What Does the Fox See?
By David Brown
revisionist theory about the fox has been circulating for a while that challenges the animal’s legendary
cunning, suggesting instead that the Reynard of fable doesn’t actually rely on wiliness to catch its
prey but more often stumbles on its dinners by accident. This theory insists that the fox, far from
being wise to the ways of the forest, simply puts in a lot of aimless miles until it accidentally cuts
the path of some potential prey, which it then captures thanks to quick reflexes. There is an old
saying, variously directed at wolves, coyotes, and foxes, that they live by their feet. The revisionists
suggest that the fox, at least, does so largely to the exclusion of an intelligent brain.
I’m as susceptible as the next person to the intellectual charms of revisionism, and I had
this theory in mind one winter a few years back when I came upon the trail of a red fox as I
started up the Champney Brook trail on Mount Chocorua in northern New Hampshire. Since the animal
and I were climbing the same mountain by the same route, I was able to examine its trail at length and learn
what I could from the record of its behavior in the snow.
Back in those days, I was still testing the idea that an animal leaves behind a diary from which we might –
with some practice – read intention or accident, success or tragedy, even wisdom perhaps. With enough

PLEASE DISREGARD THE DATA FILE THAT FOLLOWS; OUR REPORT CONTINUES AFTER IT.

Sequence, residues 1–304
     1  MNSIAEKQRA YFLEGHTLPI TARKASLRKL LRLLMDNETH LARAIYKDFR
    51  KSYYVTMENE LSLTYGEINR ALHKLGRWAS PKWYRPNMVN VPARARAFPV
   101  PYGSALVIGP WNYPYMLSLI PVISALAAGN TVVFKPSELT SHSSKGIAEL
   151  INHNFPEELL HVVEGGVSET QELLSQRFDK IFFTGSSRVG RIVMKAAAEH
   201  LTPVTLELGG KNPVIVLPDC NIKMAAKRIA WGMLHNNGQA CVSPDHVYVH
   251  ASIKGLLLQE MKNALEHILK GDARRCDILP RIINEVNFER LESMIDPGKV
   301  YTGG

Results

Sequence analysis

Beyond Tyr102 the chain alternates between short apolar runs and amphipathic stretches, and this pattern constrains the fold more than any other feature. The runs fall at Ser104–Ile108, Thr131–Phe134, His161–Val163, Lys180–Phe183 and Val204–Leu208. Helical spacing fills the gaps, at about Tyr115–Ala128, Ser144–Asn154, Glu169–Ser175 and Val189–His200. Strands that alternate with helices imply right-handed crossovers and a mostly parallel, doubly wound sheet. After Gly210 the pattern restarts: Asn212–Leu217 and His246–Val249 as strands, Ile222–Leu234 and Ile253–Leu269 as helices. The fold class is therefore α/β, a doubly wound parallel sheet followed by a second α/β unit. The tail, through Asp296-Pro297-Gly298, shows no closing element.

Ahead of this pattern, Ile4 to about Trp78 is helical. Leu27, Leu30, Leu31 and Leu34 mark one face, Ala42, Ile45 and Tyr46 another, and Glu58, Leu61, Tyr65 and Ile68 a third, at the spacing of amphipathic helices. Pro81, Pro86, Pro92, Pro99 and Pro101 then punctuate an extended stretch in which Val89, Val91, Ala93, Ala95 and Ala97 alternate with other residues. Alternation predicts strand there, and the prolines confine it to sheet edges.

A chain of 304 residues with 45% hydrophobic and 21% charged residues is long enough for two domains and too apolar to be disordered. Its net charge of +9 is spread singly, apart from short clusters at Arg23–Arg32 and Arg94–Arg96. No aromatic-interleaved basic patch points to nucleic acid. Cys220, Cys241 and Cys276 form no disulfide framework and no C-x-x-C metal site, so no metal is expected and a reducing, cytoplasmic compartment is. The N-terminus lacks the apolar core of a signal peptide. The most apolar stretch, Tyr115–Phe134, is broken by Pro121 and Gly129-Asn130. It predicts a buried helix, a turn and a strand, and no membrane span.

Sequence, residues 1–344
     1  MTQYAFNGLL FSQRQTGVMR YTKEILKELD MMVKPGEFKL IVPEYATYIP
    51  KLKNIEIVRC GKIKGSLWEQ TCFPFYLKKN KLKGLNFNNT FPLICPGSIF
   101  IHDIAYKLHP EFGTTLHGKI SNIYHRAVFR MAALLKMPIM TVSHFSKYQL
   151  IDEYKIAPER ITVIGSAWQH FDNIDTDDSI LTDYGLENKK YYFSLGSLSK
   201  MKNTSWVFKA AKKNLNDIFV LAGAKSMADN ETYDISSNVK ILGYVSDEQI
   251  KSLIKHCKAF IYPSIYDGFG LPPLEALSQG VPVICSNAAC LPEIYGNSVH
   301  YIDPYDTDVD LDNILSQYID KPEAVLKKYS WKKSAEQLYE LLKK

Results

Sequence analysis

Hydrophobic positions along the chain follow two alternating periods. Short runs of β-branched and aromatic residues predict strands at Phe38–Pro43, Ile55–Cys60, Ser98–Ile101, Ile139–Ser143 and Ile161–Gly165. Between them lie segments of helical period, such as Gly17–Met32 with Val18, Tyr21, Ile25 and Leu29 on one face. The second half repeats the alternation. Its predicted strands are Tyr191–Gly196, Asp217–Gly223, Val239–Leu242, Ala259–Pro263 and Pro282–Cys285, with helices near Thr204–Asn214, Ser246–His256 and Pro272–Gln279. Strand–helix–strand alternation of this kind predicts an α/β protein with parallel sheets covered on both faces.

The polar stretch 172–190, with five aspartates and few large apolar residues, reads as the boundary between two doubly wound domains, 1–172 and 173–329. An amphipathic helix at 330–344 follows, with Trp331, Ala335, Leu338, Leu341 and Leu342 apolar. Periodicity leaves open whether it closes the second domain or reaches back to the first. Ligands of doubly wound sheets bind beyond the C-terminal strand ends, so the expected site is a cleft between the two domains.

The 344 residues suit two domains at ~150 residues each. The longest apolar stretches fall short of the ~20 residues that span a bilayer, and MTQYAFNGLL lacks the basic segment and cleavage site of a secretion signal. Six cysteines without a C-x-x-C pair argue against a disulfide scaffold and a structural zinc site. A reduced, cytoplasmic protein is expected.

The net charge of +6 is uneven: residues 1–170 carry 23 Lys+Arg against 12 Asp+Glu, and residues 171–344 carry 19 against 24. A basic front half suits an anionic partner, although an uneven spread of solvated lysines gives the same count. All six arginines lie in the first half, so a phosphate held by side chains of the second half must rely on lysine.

careful observation, I suspected, Thoreau himself might have discovered the reason for the hiccup
in the fox’s trail that he observed one winter morning across Walden Pond. For a fox does little
for no reason, and one of the adjectives that well describes its winter behavior is “efficient.”
Unless engaged in the pan-species foolishness of courting rituals, the fox’s movements
are winnowed down to the necessary alone. So, in imitation of Thoreau, I aligned
myself with the fox’s trail so that I might align myself with its wisdom,
if wisdom it expressed.
It was early on the coldest morning yet of the young winter.
The temperature was in the teens and had been below zero
in the valley only a couple of hours earlier when the
tracks had been laid down. They were so fresh
that the crystals of snow around their rim
were still sharp and could easily be
disturbed with a puff of breath.